Fundraiser to support ‘Guate Mission’By Stephen Dawkins Published 9:43pm Thursday, May 16, 2013
A mission team from Clanton First United Methodist Church will try to make a difference in Guatemala that will extend beyond their time there.
Those participating in the effort, dubbed “Guate Mission” because locals refer to Guatemala City as “Guate,” hope money raised Friday will help them help a Guatemalan pastor, his wife and seven children when they visit from July 26 to Aug. 2.
A spaghetti dinner and live auction will be held Friday to raise money for the mission.
Tickets to the dinner, which begins at 6 p.m., cost $10 each and are available at the church or at the door.
Lacey Ellison will provide music to accompany the dinner, and the auction will follow at about 7 p.m.
Tommy Glasscock organized the fundraiser. He said he’s seen charity auctions bring in a lot of money and hopes Friday’s event will help the mission reach its goal of $10,000 to take for improvements to the Guatemalan pastor’s living conditions and other needs in the area.
Items already donated that will be auctioned include a small boat, an antique bed, jewelry and slabs of ribs.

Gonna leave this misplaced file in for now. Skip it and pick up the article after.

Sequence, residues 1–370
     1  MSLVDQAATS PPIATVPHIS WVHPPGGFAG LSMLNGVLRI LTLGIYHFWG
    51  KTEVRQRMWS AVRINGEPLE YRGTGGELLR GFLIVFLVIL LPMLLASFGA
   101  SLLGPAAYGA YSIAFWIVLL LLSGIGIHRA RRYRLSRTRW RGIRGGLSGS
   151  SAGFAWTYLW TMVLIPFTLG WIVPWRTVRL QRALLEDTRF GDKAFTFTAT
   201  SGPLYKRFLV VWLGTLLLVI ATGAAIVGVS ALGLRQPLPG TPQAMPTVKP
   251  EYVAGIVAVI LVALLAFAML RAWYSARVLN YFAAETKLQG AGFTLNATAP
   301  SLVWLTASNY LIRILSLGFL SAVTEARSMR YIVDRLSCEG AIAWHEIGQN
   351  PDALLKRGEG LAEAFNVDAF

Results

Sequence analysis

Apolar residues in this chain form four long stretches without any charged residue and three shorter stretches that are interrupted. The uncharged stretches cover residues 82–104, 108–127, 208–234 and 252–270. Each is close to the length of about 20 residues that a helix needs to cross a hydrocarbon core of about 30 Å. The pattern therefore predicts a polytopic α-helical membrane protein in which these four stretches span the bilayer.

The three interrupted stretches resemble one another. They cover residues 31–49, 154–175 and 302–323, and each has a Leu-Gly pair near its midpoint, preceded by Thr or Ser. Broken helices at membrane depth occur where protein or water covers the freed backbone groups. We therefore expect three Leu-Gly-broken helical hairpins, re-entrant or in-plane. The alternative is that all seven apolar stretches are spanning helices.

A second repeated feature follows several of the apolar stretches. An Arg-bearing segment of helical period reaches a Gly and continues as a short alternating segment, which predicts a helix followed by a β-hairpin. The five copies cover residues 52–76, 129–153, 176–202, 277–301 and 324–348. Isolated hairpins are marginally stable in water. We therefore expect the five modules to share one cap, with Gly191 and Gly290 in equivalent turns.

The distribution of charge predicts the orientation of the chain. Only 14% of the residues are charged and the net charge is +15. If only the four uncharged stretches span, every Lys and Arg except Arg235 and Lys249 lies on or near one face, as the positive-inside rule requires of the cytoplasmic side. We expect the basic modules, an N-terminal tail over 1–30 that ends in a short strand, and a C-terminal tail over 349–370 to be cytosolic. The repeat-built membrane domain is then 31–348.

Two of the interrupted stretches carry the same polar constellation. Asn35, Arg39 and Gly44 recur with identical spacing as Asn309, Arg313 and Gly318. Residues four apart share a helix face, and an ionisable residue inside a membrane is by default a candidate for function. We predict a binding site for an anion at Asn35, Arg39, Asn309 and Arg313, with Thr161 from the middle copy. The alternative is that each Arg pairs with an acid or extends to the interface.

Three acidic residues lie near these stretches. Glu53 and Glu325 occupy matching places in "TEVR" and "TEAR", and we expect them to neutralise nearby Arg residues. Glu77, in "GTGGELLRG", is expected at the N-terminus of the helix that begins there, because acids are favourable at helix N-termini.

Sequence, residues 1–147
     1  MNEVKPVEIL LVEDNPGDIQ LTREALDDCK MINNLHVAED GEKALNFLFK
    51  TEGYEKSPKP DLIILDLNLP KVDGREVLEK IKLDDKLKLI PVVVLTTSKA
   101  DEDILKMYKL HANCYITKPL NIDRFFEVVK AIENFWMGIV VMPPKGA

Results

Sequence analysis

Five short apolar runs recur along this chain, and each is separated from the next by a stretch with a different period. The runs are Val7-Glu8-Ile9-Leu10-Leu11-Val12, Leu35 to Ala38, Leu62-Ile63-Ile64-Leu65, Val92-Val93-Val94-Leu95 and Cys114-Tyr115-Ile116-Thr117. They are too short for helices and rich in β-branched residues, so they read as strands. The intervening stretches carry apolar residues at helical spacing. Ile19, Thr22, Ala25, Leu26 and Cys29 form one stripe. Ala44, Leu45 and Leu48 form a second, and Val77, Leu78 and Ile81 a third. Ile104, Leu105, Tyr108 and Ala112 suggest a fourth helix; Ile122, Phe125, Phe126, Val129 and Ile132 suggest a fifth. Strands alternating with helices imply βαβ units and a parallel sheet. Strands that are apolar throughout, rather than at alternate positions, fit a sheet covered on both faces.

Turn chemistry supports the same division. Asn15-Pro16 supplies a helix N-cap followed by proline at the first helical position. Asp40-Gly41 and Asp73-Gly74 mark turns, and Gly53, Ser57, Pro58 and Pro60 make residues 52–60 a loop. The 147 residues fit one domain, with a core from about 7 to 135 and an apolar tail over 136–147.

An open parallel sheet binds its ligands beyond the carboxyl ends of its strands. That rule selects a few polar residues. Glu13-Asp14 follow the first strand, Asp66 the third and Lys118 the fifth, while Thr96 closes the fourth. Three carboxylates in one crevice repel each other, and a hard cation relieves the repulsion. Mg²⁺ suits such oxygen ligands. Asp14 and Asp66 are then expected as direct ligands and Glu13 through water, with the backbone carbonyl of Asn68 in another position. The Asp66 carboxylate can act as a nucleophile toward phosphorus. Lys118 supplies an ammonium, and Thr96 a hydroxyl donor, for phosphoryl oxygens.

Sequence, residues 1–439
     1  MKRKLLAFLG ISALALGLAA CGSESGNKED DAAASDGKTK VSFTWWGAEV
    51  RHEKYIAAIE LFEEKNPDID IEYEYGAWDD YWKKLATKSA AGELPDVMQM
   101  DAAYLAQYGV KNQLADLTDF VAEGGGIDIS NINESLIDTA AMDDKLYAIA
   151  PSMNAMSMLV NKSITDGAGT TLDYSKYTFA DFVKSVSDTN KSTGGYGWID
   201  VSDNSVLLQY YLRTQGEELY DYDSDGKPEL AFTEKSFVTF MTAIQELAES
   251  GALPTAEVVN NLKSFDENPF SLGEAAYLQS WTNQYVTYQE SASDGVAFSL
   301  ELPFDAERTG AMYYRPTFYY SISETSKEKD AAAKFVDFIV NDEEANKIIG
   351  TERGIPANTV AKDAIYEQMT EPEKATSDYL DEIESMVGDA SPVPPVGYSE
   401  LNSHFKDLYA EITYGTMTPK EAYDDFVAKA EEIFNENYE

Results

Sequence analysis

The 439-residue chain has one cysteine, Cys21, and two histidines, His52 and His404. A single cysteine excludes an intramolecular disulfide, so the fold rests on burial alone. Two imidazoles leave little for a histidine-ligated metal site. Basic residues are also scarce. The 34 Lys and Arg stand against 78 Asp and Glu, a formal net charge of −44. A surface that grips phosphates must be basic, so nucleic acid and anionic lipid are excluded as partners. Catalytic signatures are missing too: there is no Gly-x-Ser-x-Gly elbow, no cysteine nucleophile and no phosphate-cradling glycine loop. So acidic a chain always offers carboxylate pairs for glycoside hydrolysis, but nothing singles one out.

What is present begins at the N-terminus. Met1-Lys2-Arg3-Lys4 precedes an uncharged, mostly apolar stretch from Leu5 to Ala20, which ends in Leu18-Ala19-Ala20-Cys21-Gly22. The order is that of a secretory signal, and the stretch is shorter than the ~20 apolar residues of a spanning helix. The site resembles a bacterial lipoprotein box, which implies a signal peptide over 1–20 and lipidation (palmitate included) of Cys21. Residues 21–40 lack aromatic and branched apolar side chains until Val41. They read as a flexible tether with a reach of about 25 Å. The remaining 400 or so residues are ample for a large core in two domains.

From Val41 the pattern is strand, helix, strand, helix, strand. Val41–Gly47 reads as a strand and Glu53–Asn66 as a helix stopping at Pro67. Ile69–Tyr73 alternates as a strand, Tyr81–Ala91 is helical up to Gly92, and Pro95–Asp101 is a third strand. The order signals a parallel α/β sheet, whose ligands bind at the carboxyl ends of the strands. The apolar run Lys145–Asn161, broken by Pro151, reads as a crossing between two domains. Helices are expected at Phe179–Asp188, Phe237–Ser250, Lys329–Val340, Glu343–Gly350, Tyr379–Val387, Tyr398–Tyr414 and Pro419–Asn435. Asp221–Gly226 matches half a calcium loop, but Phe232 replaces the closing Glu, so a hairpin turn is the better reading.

Those interested in donating items for the auction should call the church at 755-0490.
Glasscock said auctions work well as fundraisers because people have the opportunity to contribute in two different ways.
“People can donate their own items or bid on somebody else’s,” he said.
Guate Mission has already raised about $4,000.
The six-person team includes Ron and Nancy Dovey, Stanley Batchelor, Tom Cuthbert, Rose Kennedy-Utendahl and Frank Mims. Others from outside the church could participate and should call CFUMC if interested.
In July 2012, the Doveys visited an area of Guatemala City known as “the tracks” because makeshift homes are built on out-of-use railroad tracks. They left with a conviction that they wanted to return to help.
Ron and Nancy Dovey said they were struck both by the living conditions—the local pastor and his family live in a 200-square-feet space that is formed by walls of bent and rusty tin nailed to a wooden frame—and the people’s faith.
“We went to church at 10 o’clock and got out at 2 o’clock…but we didn’t realize we had been there for four hours,” Ron Dovey said.
The trip will also be about evangelism, of course, and the team brings other assets. Batchelor and Kennedy-Utendahl, for example, are registered nurses.
“Needs change daily,” Dovey said. “We want to be versatile.”
Batchelor, who works for the Alabama Emergency Management Agency, said he’s sure it will be difficult to leave after a week, knowing there is much more that could be done.
“I’ve worked federal disaster response, but to go into an area like this and kind of have your hands tied, it’s going to be a different story,” he said.